Many people "get" the reality of global warming and the associated host of other ecological threats. But, of those, there are many who either think it's hopeless or are "wait and seers" and don't necessarily support prompt and potentially disruptive action.
Well the word from the United Nations "Convention on Biological Diversity" has opened its 12-day summit with a plain warning - we must take immediate action to stop the accelerating loss of animal and plant species and their habitat or face near-term, man-made mass extinctions.
"The time to act is now and the place to act is here," CBD executive secretary Ahmed Djoghlaf said, describing the summit as a ""defining moment" in the history of mankind, reports the Agence France Presse.
Scientists say climate change and human population pressures are destroying ecosystems such as tropical forests and coral reefs as well as animal and plant species. A recent report by WWF warned that the world's 6.8 billion humans were living 50% beyond its sustainable means in 2007 and that, at current rates, a second Earth will be needed by 2030 to meet the planet's needs.
The indifference of our political leadership from every party is bewildering. Can they not see what's happening or grasp what that means? Do they really think Canadians will be immune to the fallout from this?
We're nearing the end of the line. It's even visible to our satellites. Take deforestation, a key destroyer of animal and plant habitat. Some places are logging off valuable lumber where it really shouldn't be taken at all. In other places the forests are being cleared for space to farm biofuels. Still other places, like Western Canada, are seeing forests ravaged by climate-change induced infestations of pests like the Lodge Pole Pine beetle.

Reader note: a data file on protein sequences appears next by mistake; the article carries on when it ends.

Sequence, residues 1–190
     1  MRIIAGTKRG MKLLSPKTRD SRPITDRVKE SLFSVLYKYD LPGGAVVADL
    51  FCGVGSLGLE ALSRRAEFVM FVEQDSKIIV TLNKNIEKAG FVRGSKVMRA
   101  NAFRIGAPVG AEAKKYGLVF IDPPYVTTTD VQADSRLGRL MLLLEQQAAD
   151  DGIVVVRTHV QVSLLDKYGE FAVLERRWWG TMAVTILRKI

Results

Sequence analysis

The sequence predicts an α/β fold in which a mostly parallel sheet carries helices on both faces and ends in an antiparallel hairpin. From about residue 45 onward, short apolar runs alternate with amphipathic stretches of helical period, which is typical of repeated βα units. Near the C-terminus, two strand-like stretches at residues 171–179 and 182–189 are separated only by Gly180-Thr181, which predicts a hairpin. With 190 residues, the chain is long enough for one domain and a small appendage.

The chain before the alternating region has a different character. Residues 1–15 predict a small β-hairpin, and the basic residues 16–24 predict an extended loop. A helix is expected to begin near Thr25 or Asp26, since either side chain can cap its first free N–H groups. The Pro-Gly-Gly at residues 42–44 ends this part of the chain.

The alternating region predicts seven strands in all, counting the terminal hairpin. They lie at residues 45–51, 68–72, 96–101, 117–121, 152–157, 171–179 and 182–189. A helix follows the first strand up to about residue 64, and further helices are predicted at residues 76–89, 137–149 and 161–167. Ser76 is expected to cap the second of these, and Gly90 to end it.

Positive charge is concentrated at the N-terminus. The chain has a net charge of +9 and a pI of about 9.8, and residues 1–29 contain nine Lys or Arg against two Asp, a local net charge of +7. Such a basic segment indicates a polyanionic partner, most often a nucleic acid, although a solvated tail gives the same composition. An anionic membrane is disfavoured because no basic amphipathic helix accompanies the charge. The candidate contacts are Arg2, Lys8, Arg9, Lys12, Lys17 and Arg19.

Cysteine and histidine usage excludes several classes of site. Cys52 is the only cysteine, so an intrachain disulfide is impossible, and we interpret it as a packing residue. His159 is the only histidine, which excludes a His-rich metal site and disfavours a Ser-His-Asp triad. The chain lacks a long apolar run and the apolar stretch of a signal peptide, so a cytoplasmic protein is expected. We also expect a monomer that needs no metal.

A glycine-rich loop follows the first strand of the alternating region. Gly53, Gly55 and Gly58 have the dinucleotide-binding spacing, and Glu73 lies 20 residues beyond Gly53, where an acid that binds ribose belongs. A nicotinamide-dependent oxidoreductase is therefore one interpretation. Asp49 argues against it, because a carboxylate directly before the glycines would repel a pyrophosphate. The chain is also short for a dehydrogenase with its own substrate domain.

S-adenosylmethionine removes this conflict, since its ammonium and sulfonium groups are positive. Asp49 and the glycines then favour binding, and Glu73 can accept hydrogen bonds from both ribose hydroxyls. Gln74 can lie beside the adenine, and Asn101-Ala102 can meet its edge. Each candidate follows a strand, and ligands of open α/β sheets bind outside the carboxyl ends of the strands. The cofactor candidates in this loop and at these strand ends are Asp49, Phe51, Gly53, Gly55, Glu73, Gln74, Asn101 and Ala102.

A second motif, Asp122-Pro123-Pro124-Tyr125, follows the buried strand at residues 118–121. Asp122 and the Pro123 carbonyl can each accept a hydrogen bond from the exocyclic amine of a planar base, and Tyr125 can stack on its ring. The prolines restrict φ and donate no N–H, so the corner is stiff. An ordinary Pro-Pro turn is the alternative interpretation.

You don't need to grasp the intricacies of climate change science to understand the widespread destruction of coral reefs and the vital role those reefs play in sustaining marine biodiversity. You don't need a university degree to understand that we're steadily collapsing our fish stocks, one after another.
Unless you're one of these weird shits that believes the earth is 6,000 years old and embraces apocalyptic visions of the Rapture (oops, I really didn't mean to slag the Conservative government), the need to act is obvious. It's not a matter of throwing ten or twenty million dollars to research programmes or eco-organizations. It's a matter of resolving to do whatever it takes to arrest the devastation of our planet's biodiversity.
“Biodiversity underpins the health of the planet and has a direct impact on all our lives. Put simply, reduced biodiversity means millions of people face a future where food supplies are more vulnerable to pests and disease and where water is in irregular or short supply,” said James Leape, WWF International’s Director General.
“No one can escape the impact of biodiversity loss because reduced global diversity translates quite clearly into fewer new medicines, greater vulnerability to natural disasters and greater effects from global warming.”
So, what are the chances of meaningful action resulting from the Nagoya summit? According to Der Spiegel, the odds are pretty lousy. Once again the world is looking to the U.S. for leadership and, once again, America appears utterly indifferent.